Russia’s military has admitted for the first time the scale of its information warfare effort, saying it was significantly expanded post-Cold War.
Defence Minister Sergei Shoigu said that Russian “information troops” were involved in “intelligent, effective propaganda”, but he did not reveal details about the team or its targets.
The admission follows repeated allegations of cyber attacks against Western nations by the Russian state.
Nato is reported to be a top target.
During the Cold War both the USSR and the West poured resources into propaganda, to influence public opinion globally and sell their competing ideologies.
Speaking to Russian MPs, Mr Shoigu said “we have information troops who are much more effective and stronger than the former ‘counter-propaganda’ section”.
Keir Giles, an expert on the Russian military at the Chatham House think-tank, has warned that Russian “information warfare” occupies a wider sphere than the current Western focus on “cyber warriors” and hackers.
“The aim is to control information in whatever form it takes,” he wrote in a Nato report called “The Next Phase of Russian Information Warfare”.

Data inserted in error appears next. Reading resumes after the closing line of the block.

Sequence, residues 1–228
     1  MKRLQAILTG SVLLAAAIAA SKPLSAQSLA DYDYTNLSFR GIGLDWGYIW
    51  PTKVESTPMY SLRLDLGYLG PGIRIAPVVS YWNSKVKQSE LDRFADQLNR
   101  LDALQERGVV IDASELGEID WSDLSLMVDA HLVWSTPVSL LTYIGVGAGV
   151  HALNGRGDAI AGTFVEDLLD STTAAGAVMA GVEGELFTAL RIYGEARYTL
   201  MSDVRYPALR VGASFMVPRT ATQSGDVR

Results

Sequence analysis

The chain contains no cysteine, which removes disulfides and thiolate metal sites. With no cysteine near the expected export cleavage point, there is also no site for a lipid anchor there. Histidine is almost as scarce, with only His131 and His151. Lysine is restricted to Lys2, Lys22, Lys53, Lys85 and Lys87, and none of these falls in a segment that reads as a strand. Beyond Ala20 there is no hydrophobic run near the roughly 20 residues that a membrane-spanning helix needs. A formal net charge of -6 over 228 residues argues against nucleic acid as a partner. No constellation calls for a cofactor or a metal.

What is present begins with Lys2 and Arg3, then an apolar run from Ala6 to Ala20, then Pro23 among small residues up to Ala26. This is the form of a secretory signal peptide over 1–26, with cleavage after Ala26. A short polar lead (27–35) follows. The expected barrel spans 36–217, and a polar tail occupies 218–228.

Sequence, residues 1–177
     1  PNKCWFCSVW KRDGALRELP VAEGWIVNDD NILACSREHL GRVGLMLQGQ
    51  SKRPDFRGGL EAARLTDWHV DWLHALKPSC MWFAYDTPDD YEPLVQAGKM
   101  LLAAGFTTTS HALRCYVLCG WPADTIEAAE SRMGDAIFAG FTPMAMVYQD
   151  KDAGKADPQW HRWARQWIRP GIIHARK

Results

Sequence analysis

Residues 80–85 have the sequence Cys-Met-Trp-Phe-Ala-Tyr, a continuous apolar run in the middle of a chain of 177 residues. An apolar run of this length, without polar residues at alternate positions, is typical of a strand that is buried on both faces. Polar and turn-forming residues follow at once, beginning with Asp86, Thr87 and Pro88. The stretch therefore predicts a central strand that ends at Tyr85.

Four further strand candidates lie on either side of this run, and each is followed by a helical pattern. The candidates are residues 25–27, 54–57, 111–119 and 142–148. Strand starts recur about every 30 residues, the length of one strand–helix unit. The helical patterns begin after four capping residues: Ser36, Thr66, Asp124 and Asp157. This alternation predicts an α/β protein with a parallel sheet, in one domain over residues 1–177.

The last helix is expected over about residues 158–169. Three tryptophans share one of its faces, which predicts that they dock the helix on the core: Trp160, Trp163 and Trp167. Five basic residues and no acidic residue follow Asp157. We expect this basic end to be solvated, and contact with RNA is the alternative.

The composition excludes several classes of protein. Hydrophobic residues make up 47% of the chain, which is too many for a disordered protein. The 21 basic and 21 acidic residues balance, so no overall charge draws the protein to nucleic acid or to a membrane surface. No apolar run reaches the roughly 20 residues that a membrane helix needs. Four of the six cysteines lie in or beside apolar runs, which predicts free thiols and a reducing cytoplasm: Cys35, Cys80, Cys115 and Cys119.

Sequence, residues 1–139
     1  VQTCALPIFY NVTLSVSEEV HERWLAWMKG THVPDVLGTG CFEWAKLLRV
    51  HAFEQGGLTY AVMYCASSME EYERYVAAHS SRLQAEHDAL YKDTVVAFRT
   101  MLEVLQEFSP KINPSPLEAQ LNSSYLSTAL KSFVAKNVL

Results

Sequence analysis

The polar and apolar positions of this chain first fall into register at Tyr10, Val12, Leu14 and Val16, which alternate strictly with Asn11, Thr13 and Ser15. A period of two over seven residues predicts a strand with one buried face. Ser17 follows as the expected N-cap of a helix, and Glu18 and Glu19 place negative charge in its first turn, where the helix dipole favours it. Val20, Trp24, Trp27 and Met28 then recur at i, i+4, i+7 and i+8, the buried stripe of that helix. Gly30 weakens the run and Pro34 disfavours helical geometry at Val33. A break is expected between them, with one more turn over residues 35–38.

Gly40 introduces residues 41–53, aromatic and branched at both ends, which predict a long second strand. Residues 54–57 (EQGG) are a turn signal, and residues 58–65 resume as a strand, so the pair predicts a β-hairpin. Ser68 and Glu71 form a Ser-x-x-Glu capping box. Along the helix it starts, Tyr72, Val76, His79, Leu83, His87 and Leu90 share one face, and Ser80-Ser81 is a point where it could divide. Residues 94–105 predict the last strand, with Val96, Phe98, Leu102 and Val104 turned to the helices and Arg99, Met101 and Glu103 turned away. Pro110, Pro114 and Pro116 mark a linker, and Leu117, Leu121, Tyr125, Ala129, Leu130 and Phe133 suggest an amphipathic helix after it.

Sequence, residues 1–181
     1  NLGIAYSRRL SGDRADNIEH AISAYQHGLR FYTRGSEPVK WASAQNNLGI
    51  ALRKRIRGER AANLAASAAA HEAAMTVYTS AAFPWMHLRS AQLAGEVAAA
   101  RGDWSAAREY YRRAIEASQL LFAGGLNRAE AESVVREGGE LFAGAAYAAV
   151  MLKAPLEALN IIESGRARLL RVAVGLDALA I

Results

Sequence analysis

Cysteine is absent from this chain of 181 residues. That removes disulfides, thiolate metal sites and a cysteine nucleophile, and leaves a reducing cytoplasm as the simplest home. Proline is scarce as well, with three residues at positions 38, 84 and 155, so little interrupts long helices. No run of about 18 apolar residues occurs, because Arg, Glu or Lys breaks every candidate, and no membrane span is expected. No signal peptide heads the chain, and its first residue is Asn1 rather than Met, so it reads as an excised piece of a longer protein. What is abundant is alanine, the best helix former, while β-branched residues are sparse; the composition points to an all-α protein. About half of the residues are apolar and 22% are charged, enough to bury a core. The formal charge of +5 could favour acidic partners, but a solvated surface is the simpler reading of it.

“Unlike in Soviet times, disinformation from Moscow is primarily not selling Russia as an idea, or the Russian model as one to emulate.
“In addition, it is often not even seeking to be believed. Instead, it has as one aim undermining the notion of objective truth and reporting being possible at all,” he wrote.
Russia has been testing Nato in various ways, including targeting individual soldiers via their social media profiles, Mr Giles told the BBC.
“They have been reaching out to individuals and targeting them as if it comes from a trusted source,” he said.
There have been reports of Russian information attacks targeting Nato troops in the Baltic states, and Polish and Ukrainian troops fighting pro-Russian rebels.
Russia rejects Western narratives about its “disinformation”, instead accusing Nato of aggressive expansion and support for anti-Russian nationalists in Ukraine.
Russia’s effort in cyberspace is under intense Western scrutiny following high-level US accusations that Russian hackers helped to swing the presidential election in favour of Donald Trump.
According to Mr Giles, the Russian military decided to prioritise information warfare after the 2008 Russia-Georgia conflict. The country’s security apparatus drew lessons from its “inability to dominate public opinion about the rights and wrongs of the war”, he said.
Commenting on Mr Shoigu’s remarks, former Russian commander-in-chief Gen Yuri Baluyevsky said a victory in information warfare “can be much more important than victory in a classical military conflict, because it is bloodless, yet the impact is overwhelming and can paralyse all of the enemy state’s power structures”.
The EU has a special team to combat Russian “myths” spread on social media, called the East StratCom Task Force.